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WASHINGTON (Map, News) - The politics of fear and prejudice are front and center. Conservative politicians and talk show hosts can’t seem to get enough of it.
Two unrelated, random crimes on opposite sides of the country are the genesis of the latest wave of immigrant-bashing — a gangland-style execution of three college students in Newark, N.J., and the slaying of a 15-year-old girl in Oregon.
One of the suspects in the Newark case is an undocumented resident from Peru who was out on bail on a serious felony charge at the time of the crime. Both suspects in the Oregon case are noncitizens, one of whom has a DUI conviction and the other a clear record. The two cases are fueling unwarranted hysteria against immigrants.
There is no immigrant crime wave in the United States. Statistics prove it. In June, as it does every year, the Bureau of Justice Statistics released its “Report on the Number of Prison and Jail Inmates.”
As of June 2006, there were more than 2.25 million federal and state inmates. Just 4 percent — fewer than 100,000 — were noncitizens, a group that includes both those here legally and those here without proper documentation. While there were 331 more noncitizen inmates in 2006 than 2005, that number was still 700 less than in 2004.
In 2000, according to the U.S. Census Bureau, young foreign-born men were five times less likely to be incarcerated than those born in the U.S, accounting for only 4 percent of the prison population.
While our immigrant population has increased in the past decade, the crime rate has dropped dramatically, both for violent crimes and property crimes.
There is no correlation between where one is born and his or her propensity to commit a crime. Crime is the result of myriad conditions, from poverty to drug and alcohol abuse to a variety of other factors. Immigration is not one of them.
We have effective laws for the removal of noncitizens who are convicted of crime. Since 1996, the list of “aggravated felonies” mandating deportation has steadily grown. When a person subject to deportation is charged with a crime, the law allows for the placing of a detainer on that person so that when released from state or federal custody, whether on bail or following conviction, he or she is transported to Immigration and Customs Enforcement custody for continued detention or to face deportation proceedings, rather than be released into the community.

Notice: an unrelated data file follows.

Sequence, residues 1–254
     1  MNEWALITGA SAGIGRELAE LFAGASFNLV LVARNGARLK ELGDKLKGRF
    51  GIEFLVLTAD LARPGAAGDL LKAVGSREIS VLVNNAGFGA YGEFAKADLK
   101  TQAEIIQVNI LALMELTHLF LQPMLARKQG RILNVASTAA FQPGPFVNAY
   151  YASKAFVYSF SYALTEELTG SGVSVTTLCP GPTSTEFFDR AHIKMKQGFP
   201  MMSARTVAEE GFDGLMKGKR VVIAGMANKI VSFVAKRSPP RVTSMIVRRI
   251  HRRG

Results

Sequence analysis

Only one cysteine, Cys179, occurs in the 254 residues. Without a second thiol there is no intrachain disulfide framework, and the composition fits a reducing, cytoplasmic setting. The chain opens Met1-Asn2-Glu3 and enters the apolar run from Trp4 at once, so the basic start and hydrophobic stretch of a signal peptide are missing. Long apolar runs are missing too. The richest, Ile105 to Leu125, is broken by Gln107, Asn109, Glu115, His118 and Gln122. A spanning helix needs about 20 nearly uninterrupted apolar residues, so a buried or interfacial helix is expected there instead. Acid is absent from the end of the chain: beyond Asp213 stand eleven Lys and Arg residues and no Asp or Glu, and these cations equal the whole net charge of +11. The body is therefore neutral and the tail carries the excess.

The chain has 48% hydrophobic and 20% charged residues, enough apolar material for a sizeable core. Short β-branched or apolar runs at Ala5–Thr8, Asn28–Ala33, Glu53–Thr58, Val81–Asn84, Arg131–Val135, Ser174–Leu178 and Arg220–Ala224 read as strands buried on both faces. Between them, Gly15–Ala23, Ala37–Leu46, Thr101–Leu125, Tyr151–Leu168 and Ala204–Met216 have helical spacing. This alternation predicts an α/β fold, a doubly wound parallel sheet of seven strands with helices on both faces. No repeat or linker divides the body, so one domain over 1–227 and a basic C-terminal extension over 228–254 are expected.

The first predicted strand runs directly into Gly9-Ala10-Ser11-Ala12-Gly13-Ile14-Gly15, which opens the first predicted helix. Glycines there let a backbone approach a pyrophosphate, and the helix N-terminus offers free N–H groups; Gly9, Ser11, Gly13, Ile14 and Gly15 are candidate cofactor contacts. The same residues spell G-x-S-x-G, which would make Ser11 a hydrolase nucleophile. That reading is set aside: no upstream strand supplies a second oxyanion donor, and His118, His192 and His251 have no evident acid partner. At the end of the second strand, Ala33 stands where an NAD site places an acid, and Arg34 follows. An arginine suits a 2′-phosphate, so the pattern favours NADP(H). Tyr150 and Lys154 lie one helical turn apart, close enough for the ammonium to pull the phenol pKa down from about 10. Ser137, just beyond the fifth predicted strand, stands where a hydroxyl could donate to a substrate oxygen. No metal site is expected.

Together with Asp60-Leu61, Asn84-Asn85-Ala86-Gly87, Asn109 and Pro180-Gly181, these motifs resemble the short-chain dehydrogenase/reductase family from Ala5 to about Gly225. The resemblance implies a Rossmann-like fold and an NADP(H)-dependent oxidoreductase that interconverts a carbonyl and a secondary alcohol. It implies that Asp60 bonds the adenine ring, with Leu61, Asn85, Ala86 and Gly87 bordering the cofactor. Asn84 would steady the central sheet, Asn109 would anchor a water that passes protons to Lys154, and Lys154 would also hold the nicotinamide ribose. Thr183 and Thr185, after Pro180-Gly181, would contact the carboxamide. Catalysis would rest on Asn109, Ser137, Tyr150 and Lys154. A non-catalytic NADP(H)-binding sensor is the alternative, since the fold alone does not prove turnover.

Sometimes, people fall through the cracks. It may have happened in Newark and Oregon. That doesn’t mean we need different laws. It means we need to enforce the ones we have. We don’t need a “one strike, you’re out” or a no-bail policy for immigrants.
Politicians will do anything to get elected, as demonstrated by their recent and nonstop hue and cry against “sanctuary cities” and “illegal immigration.” In their demagoguery, they encourage fear, prejudice and bigotry. In their attempts to be viewed as tough on illegal immigration, they foster inaccurate stereotypes.
The vast majority of immigrants in this country, whether present with or without proper papers, are hardworking, law-abiding people with strong family ties. They are little different from the immigrants of 100 years ago. They are not stealing our jobs or draining scant public resources. They pay taxes and help make our country a better place for all of us.
Most immigrants enter the country legally. According to the INS Statistical Yearbook, 75 percent of immigrants have legal, permanent visas. Of the 25 percent who are undocumented, 40 percent overstayed temporary visas, meaning their initial entry into the country was legal.
Immigration does not breed crime. Our prisons are not overflowing because of crimes by the undocumented. They are overflowing because of our failed criminal justice policies and over reliance on incarceration versus treatment and rehabilitation with respect to our nonviolent homegrown offenders.
There is nothing wrong with having a debate about immigration. But it is deplorable to falsely stereotype and malign millions of law-abiding people because of one’s desire for a particular outcome in that debate.
That is what conservative politicians and talk show hosts are doing today. Someone needs to call them on it. Let their campaigns know you’re onto their tricks, and in the case of the talk show hosts, just change the channel. Ratings speak louder than words.
Jeralyn Merritt is a member of The Examiner’s Board of Bloggers and blogs at Talkleft.com.